The Fallacy of Political Pluralism in Zimbabwe

Published on 25th March 2008

Makoni, Mugabe & Tsavangirai
An op-ed in the Wall Street Journal by American policy analyst Marian Tupy and Zimbabwean lawyer legislator David Coltart leaves no doubt in one's mind that the 'façade of democracy' manifesting itself in so-called 'political pluralism' in Zimbabwe is indeed an illusion. Opposition candidate Gabriel Chaibva, who also doubles as spokesperson of Professor Arthur Mutambara' s political group lays a wreath of spite on those who count the seventeen  'political parties' as a semblance of political competition. He argues: "In a free political market, competition is neither legislated for nor regimented. There is no law that prevents any individual from registering to contest in elections in Zimbabwe, but that does not mean Mugabe wants to compete since he routinely stifles all the other avenues of free expression."  

Economist Enoch Moyo, also head of the liberal Friedrich Naumann Foundation pours more scorn on the inverse relationship between political pluralism and free market excellence. "Rhodesia was quarantined from regional and global markets from 1965 to 1980, therefore, despite an apparent presence of many political parties now, Zimbabwe business was nurtured in a strong monopolistic background that tends to want to 'shoot down' competition." He makes another controversial observation: "There is no incumbent government in Africa that provides fair play for political competitors, even in Botswana." Therefore if one refers to the Hayekian principle that it is only in a free market that effective participatory democracy can flourish, the trillion-dollar question for Zimbabwe is what comes first - a political transformation or intoxicating advocacy for free markets by business associations like the Employers Confederation, Zimbabwe National Chamber of Commerce and the Confederation of Zimbabwe Industries?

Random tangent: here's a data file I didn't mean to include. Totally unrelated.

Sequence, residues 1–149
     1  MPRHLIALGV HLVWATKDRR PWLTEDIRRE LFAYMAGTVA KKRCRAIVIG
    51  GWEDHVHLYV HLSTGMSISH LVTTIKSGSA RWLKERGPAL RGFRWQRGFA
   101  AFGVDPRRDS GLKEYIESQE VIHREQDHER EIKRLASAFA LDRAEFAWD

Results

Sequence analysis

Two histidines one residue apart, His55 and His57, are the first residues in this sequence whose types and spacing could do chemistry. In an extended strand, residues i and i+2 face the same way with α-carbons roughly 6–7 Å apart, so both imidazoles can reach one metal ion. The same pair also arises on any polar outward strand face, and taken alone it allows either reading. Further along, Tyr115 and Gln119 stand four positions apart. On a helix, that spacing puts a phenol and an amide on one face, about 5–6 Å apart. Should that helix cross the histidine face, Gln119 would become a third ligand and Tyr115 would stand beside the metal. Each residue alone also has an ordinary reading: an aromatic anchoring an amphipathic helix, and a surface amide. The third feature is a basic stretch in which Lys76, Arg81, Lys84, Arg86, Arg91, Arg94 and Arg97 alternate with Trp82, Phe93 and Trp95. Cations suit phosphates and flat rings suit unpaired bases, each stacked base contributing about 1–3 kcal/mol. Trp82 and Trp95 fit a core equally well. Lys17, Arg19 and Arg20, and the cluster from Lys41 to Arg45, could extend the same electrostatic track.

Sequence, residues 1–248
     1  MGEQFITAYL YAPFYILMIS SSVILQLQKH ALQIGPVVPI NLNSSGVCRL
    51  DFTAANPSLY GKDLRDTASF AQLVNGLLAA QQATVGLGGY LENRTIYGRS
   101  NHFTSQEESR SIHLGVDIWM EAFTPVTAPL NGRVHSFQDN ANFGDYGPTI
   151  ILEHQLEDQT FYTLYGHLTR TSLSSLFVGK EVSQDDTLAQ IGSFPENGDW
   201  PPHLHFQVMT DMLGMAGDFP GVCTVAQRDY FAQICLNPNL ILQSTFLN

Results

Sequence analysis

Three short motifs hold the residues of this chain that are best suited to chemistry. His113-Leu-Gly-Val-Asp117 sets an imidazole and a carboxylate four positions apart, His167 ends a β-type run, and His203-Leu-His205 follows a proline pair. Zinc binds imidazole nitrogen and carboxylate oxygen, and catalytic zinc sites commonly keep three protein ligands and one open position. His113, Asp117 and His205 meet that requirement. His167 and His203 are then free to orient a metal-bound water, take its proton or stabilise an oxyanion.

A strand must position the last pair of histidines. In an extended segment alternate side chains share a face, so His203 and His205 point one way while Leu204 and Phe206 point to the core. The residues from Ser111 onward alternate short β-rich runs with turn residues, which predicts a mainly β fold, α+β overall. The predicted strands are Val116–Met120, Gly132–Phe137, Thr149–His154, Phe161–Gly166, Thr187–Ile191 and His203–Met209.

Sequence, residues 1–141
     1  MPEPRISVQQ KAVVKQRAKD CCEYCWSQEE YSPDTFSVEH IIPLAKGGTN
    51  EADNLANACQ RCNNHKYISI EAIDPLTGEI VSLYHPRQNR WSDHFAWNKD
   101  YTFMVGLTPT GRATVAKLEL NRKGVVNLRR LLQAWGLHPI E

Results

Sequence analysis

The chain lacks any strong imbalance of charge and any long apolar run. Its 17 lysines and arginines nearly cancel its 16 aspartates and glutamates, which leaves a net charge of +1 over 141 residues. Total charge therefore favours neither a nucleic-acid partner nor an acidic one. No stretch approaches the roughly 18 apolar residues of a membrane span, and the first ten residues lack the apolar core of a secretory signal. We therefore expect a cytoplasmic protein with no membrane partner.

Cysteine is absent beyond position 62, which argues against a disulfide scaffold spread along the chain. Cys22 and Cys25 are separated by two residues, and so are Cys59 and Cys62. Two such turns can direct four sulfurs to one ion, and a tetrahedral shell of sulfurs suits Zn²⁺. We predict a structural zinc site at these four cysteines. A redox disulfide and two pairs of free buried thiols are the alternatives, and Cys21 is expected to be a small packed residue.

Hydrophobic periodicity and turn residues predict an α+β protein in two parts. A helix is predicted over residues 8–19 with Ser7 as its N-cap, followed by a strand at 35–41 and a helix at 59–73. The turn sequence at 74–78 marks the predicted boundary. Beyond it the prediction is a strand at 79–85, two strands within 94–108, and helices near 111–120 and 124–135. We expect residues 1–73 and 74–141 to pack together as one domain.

Kenya’s pre-Mwai Kibaki political economy exhibited a combination of authoritarian dictatorship and free market competition. At face value, this shreds Friedrich Hayek's viewpoint of a direct relationship between the free market and effective democracy. For decades, probably up until the 27 December 2007 Mwai Kibaki debacle, Kenya was a model of business excellence, boasting one of the best tourism destinations in Africa and a vibrant manufacturing industry. Property markets were bullish while countries in regional economic blocs habitually accused Kenyan businesspersons of greed and in-your-face aggression. In other words, it is possible for Zimbabwean civil society to - especially if Robert Mugabe is voted back on 29 March - continue crying foul! while the man transforms himself into a globally recognised business-friendly libertarian for the sole purpose of finding favour with Bretton Woods institutions and local blue chip corporates. Of course the assumption is that he would have to rescind all the 'dirty pieces of legislation' that have so far raised a hue and cry from business democrats the world over. Such transformations, though rare in Africa, have occurred in Libya.